Jury questions posed during Bill Cosby's sex assault trial

Prosecutors indicated that they will re-try. Deliberations began on Monday, and the jury announced Thursday that they were deadlocked; the judge initially denied the defense's request for a mistrial.

NORRISTOWN, Pa. (AP) - The jury in Bill Cosby's sexual assault trial got back to work Saturday as deliberations on the fate of the man once known as America's Dad pushed into Father's Day weekend.

The legendary comedian was charged with three counts of aggravated indecent assault on a woman (Andrea Constand) at his home outside Philadelphia in early 2004.

"How do I describe many, but not all, general media?"

Speaking outside court yesterday, Mr Cosby said: "I want to thank the jury for their long days".

District Attorney Kevin Steele told reporters his office plans to retry the case.

Almost a dozen times during their deliberations, they sent questions about the the evidence or the charges to the judge, struggling to come to a consensus. But the jurors clearly struggled with their verdict, telling the judge on Day 4 they were at impasse.

Cosby's spokesman said the impasse showed that jurors doubted Constand's story. Cosby team gave brief statements to the press, and all of them seemed to be satisfied with the result of the trial.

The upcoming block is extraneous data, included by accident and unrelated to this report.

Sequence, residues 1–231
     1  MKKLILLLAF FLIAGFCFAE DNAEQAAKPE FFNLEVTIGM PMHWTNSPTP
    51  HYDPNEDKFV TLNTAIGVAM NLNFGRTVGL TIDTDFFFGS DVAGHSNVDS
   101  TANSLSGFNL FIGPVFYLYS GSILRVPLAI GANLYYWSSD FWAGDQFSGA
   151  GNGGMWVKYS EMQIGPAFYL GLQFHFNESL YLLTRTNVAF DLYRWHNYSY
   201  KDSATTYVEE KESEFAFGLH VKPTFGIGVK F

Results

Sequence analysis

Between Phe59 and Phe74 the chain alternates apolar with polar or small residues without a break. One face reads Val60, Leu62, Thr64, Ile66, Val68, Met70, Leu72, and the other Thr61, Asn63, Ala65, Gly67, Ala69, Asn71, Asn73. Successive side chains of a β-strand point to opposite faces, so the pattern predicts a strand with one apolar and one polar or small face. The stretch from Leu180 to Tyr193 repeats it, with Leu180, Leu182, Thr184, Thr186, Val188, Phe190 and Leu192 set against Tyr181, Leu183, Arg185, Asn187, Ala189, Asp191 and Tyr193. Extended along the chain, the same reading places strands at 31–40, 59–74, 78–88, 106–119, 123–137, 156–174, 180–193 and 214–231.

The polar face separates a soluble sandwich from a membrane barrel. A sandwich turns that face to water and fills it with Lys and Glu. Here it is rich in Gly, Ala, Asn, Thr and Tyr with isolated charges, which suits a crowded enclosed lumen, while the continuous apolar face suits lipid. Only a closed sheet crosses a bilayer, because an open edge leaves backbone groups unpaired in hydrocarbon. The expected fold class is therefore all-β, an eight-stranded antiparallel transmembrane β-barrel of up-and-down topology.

He would not comment on why the jury was unable to come to a conclusion after more than 50 hours of deliberation, but he did say that it was in the community's best interest to retry the case.

Gianna Constand told the jury that Cosby and her daughter had been close, and that he betrayed her. One particular phrase the jury asked to clarify was the context under which Cosby described the three pills he gave Constand as "little friends".

The prosecution spent five days, painstakingly trying to build its case, calling Constand to the stand, her mother and another woman who alleged that Cosby also drugged and assaulted her in Bel Air in 1996. "I see you. I love you".

More than 60 women have come forward to accuse Cosby of sexual assault since the allegation re-entered the spotlight in 2014, thanks to a viral stand-up bit by comedian Hannibal Buress.

Cosby's attorney Brian McMonagle immediately moved for a mistrial, which was granted by the judge.

The defense instead focused on pointing out discrepancies in Constand's statements, and they rested their case on Monday after six minutes of testimony.

Cosby has said any sexual activity was consensual. Promising numerous civil cases against Cosby, including hers, to continue on, she added, "To sexual assault survivors today after #BillCosby mistrial: win or lose, the fight is what matters".

Before going on trial, Cosby expressed hope he could eventually resume his career.

The Associated Press does not typically identify people who say they are victims of sexual assault unless they grant permission, which Constand has done.